Last week, we reached what seems to be another new low in the actions of our President. The week began with what should have been a great celebration of the historical accomplishments of the Navajo Code Talkers during the war. The President used this event as an opportunity to take a shot at a political rival. Those who serve in our armed forces do so not because of political party, but to honor the ideals of our country.
The President then followed these comments on Wednesday by re-tweeting a series of videos with the apparent intent of creating hatred towards Muslims. In the case of one video, it was proven to be a false implication of a Muslim immigrant. Drawing source material from the group Britain First clearly matches our President’s calls for America First, but further reveals a disturbing connection to a group widely described as fascist, racist, hateful, and extremist by many British leaders. The tweets even brought rare condemnation from a fellow state leader in British prime minister Theresa May.
It is clear through these tweets and other statements that the President continues to attempt to build the case for his Muslim travel ban, while claiming it is not a Muslim ban. Promoting hatred for a group of people distinguishable only by their religion is a dangerous path to follow for us as a nation. We have seen where unrestrained hatred for a group can lead to the unconstitutional incarceration of 120,000 people.
To close out the President’s week of offensiveness, a video surfaced of him mocking the Japanese dignitaries he met with on his recent Asia trip. A minor offense in comparison to the videos of earlier in the week, but a continuance of a pattern of disrespect and disregard for minorities, and again setting the tone for this country that it is okay to mock people because of their ethnicity or their social customs just because they are different.
While the hatred comes from the top, we are seeing it permeate all levels of our society. The FBI recently released hate crime statistics for 2016 indicating significant increases in crimes targeting people for race/ethnicity/ancestry, gender identification, and religion, particularly Jewish and Muslim individuals and institutions. Charlottesville has already faded from the conscience of our country, but the images should not be forgotten of Nazis walking the streets and surrounding a synagogue with their chants of “blood and soil.” Through the first three months of 2017, the Anti Defamation League (ADL) tracked an 86% increase in anti-Semitic incidents over the first quarter of 2016.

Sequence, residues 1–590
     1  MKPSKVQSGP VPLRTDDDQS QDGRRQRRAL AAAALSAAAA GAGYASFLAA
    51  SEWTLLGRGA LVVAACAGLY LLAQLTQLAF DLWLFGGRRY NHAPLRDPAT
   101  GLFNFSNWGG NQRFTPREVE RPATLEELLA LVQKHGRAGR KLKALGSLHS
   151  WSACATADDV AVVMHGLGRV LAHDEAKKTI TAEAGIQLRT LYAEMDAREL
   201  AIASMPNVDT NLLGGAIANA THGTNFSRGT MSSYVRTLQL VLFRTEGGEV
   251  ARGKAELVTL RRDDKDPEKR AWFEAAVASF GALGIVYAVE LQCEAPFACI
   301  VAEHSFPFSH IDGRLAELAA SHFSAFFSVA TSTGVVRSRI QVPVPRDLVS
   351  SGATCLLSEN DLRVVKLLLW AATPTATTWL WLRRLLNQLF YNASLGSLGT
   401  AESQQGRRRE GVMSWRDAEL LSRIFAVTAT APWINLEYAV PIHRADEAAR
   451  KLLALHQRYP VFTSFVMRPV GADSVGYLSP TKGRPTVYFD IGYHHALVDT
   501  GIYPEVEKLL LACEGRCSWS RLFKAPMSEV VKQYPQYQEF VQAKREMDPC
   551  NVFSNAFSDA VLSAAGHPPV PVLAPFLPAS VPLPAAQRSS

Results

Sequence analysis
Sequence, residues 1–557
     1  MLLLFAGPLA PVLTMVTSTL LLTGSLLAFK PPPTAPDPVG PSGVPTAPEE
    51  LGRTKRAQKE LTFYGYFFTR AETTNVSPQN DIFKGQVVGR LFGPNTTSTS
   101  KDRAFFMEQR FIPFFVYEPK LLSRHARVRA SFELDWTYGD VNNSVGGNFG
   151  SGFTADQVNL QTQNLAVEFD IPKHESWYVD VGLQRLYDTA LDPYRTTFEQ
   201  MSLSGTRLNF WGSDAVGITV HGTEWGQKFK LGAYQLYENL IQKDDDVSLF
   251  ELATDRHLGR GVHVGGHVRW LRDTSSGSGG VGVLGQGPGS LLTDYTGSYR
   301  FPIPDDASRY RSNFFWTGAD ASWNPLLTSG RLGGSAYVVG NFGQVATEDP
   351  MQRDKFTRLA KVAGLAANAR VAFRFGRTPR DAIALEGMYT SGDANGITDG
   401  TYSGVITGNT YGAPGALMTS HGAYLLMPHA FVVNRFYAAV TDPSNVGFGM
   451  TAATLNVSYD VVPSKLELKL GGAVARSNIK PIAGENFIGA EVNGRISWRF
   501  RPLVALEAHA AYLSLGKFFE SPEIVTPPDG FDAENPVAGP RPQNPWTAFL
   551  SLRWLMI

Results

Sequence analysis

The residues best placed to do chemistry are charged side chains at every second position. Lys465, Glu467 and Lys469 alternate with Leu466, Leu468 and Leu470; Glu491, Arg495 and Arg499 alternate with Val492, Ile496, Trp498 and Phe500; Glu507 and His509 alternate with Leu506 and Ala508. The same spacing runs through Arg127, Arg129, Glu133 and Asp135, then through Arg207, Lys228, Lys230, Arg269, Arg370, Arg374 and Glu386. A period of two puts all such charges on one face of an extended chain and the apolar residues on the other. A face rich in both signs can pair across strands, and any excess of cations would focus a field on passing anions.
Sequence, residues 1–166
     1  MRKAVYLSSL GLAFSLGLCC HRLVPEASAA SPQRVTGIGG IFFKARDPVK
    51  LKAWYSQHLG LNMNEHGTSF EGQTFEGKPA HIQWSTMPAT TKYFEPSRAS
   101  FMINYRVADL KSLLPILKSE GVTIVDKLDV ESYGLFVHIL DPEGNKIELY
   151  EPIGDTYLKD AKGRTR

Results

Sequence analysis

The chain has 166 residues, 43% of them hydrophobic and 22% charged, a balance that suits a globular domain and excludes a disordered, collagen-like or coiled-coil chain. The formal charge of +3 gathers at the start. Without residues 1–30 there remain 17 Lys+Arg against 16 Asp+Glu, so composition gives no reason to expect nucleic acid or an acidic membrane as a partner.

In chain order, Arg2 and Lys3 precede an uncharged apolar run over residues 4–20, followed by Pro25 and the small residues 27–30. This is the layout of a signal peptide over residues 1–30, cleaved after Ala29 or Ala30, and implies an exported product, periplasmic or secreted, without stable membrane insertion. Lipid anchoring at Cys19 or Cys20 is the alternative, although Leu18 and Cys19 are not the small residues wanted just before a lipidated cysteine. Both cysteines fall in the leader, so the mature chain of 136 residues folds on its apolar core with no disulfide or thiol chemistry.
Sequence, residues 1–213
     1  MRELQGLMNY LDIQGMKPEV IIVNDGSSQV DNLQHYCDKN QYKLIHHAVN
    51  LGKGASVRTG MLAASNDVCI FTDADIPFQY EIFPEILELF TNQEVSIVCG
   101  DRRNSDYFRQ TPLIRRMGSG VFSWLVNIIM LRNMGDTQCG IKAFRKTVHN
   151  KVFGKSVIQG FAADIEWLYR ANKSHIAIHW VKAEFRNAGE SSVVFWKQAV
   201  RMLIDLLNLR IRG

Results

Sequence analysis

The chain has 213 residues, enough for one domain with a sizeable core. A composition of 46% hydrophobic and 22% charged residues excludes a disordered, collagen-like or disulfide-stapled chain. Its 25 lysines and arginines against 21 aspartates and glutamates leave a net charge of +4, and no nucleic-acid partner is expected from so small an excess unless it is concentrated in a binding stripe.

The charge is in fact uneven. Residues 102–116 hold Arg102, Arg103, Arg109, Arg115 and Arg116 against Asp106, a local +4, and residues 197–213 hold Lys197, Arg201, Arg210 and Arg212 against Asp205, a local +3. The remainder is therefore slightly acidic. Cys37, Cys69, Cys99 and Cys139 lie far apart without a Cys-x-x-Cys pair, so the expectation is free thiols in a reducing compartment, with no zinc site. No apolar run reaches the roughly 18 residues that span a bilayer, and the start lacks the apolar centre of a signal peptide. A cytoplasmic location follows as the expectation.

The hatred is not limited to the extreme right following the President’s lead. In recent weeks we have seen one of the President’s own appointees, FCC Commission Chair Ajit Pai, has been the target of racially tinged vitriol and threats because of his announced policy decision to remove net neutrality protections established under the previous administration. While we may disagree with the removal of net neutrality protections, we can express that opposition with civility and respect. There is absolutely no place for threats to his family or on the basis of his Indian ancestry.
Repeatedly, the President has made it clear that unless you are like him, white male, you are not deserving of respect. Unfortunately, this sentiment of hatred because of race, religion, or ethnicity is extending beyond the White House and unchecked, could grow into one of our nation’s few non-partisan issues. As a community, Japanese Americans know exactly where that type of unfettered hate can lead our country and we call on all Americans to state emphatically that this race, ethnicity, and religion based hatred cannot be tolerated.